FDA Authorizes Logic ENDS Products Under 3 Brands

Agency also issues marketing denial orders, continues review of others
Photograph: Shutterstock

SILVER SPRING, Md. — The U.S. Food and Drug Administration (FDA) has authorized several tobacco-flavored electronic nicotine delivery system (ENDS) products from Logic Technology Development LLC, Pompano Beach, Fla., under the Logic Vapeleaf, Logic Power and Logic Pro brands, including devices.

After a review of the product applications, the FDA concluded that the likely benefit for adult smokers who significantly reduce their cigarette use (or who switch completely and experience cigarette use cessation) outweighs the risk to youth, provided that the company follows postmarketing requirements to reduce youth access and youth exposure to their marketing. While the FDA’s action permits these specific products to be sold in the United States, it does not mean these products are safe or that they are “FDA approved,” the agency said.

The agency also issued marketing denial orders to Logic for other ENDS products. Any of those products currently on the market must be removed or the FDA may take enforcement action. Applications for Logic’s additional products, including menthol, remain under review, said the agency.

Under the premarket tobacco product application (PMTA) pathway, manufacturers or importers must demonstrate to the FDA, among other things, that marketing of a new tobacco product would be appropriate for the protection of the public health. That statutory standard requires the agency to consider the risks and benefits to the population as a whole, including users and non-users of tobacco products. The FDA must also consider the likely effect of the products on people’s behavior—specifically, the likelihood that existing users will stop using such products and the likelihood that those who do not use tobacco products will start using such products. Before a product is authorized under the PMTA pathway, the agency reviews a tobacco product’s components, ingredients, additives, constituents and health risks, as well as how the product is manufactured, packaged and labeled.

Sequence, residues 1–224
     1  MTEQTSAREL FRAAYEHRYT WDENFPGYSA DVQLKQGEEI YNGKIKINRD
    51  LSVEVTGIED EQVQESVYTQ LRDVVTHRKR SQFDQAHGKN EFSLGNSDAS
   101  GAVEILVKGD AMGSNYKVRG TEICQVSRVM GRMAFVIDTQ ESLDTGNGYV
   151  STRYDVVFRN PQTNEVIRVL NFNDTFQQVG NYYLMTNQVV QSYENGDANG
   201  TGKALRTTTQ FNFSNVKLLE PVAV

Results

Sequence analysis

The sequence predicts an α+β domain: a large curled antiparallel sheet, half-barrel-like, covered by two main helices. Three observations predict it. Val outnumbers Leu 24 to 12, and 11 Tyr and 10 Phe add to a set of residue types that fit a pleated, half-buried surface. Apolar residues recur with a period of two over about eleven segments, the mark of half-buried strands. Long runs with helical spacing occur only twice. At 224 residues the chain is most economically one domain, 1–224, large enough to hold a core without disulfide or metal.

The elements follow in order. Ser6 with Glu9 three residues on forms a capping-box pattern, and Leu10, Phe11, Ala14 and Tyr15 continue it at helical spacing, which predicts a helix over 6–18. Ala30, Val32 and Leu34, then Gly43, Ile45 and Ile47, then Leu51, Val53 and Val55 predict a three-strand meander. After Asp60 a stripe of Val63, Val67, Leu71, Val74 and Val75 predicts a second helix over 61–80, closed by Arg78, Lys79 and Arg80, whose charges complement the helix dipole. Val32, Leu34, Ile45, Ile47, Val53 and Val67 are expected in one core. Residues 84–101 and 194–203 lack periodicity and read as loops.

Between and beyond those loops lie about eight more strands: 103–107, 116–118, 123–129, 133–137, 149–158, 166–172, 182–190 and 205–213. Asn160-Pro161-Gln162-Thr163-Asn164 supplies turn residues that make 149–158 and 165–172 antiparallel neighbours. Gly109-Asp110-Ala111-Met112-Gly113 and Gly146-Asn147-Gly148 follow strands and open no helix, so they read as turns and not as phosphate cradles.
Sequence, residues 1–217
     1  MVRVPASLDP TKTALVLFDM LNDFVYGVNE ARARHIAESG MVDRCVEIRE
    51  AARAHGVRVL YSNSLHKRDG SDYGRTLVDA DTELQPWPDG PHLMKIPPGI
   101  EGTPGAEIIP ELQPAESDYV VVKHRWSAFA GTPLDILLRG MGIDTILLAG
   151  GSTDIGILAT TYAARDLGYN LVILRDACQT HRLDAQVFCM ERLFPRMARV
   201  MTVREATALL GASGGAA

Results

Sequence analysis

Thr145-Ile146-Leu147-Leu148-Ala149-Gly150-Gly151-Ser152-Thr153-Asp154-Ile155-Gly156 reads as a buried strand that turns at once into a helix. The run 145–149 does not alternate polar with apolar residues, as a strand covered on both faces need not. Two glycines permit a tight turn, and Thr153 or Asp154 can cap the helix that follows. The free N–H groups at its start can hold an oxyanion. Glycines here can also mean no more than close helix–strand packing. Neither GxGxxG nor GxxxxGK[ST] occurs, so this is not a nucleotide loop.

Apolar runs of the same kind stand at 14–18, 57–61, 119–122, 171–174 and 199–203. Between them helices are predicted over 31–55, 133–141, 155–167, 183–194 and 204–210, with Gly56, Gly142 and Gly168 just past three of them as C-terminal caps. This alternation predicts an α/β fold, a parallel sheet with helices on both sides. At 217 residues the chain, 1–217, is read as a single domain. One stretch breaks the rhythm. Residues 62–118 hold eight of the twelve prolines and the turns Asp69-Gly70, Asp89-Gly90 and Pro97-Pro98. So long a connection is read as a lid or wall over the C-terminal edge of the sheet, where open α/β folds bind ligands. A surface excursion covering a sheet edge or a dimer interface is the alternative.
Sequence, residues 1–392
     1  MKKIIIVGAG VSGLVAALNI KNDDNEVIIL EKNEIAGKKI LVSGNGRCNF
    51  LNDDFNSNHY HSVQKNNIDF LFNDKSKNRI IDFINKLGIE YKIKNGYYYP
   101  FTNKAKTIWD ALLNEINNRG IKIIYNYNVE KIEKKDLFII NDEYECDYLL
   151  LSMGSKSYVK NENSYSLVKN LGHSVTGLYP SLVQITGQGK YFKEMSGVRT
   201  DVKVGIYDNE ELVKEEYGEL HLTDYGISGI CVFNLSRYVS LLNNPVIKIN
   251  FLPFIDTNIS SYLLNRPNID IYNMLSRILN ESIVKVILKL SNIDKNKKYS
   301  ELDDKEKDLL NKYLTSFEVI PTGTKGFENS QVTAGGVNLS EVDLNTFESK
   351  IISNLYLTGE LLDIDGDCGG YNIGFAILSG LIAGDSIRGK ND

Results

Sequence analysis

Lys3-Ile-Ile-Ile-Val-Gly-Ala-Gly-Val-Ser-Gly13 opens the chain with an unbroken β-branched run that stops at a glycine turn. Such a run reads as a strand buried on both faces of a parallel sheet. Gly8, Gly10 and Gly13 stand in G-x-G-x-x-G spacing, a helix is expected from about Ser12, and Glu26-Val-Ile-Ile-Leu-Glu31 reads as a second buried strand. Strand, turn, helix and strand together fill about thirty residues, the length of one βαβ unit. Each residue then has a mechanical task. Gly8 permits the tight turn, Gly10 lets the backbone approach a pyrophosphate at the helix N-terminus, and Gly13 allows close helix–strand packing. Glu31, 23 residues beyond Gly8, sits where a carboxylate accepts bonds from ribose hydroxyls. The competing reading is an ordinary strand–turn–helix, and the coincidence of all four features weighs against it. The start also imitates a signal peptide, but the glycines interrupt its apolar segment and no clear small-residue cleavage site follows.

The FDA’s review of Logic’s applications for the products it has currently authorized determined that the marketing of the tobacco-flavored products and associated components is appropriate for the protection of the public health. The FDA authorized these tobacco-flavored ENDS products because, among several key considerations, the data submitted by the company and the available evidence show that marketing these products may help addicted adult smokers transition away from combusted cigarettes and reduce their risk of exposure to harmful and potentially harmful toxins compared to combusted cigarettes. At the same time, the data showed there was low risk for non-users, including youth, to use the products. The risk was also low for non-users, including youth, to progress to regular use of the products.

Specifically, available data showed that current tobacco users who used these tobacco-flavored products were more likely to significantly decrease their use of combusted cigarettes and that those who don’t smoke are unlikely to start using these products. Most study subjects decreased the number of combusted cigarettes they smoked each day by greater than 80%, from an average of 13-16 cigarettes per day at screening to 1-2 by day 59. The data also showed that the products produce fewer or lower levels of some toxins, like carbon monoxide, than combustible cigarettes and the products’ abuse liability or their ability to encourage continued tobacco use, addiction or dependence was lower than combusted cigarettes.

Additionally, the current authorization imposes strict marketing restrictions on the company to greatly reduce the potential for youth exposure to tobacco advertising for these products. The FDA will closely monitor how Logic markets these ENDS products and will act as necessary if the company fails to comply with any applicable statutory or regulatory requirements, the agency said. The FDA may suspend or withdraw a marketing order issued under the PMTA pathway for a variety of reasons, including if the agency determines the continued marketing of a product is no longer “appropriate for the protection of the public health,” such as if there is a notable increase in youth initiation.

The FDA has taken action on approximately 99% of the nearly 6.7 million ENDS products submitted for premarket authorization, including issuing marketing denial orders for more than 1 million ENDS products, it said.

The agency said it is close to making additional decisions on applications for popular ENDS products that account for a large part of the market. “The continued marketing of these products has the potential to have a substantial public health impact—either positively or negatively—as they hold an overall large market share and are used by a lot of people,” said the FDA.

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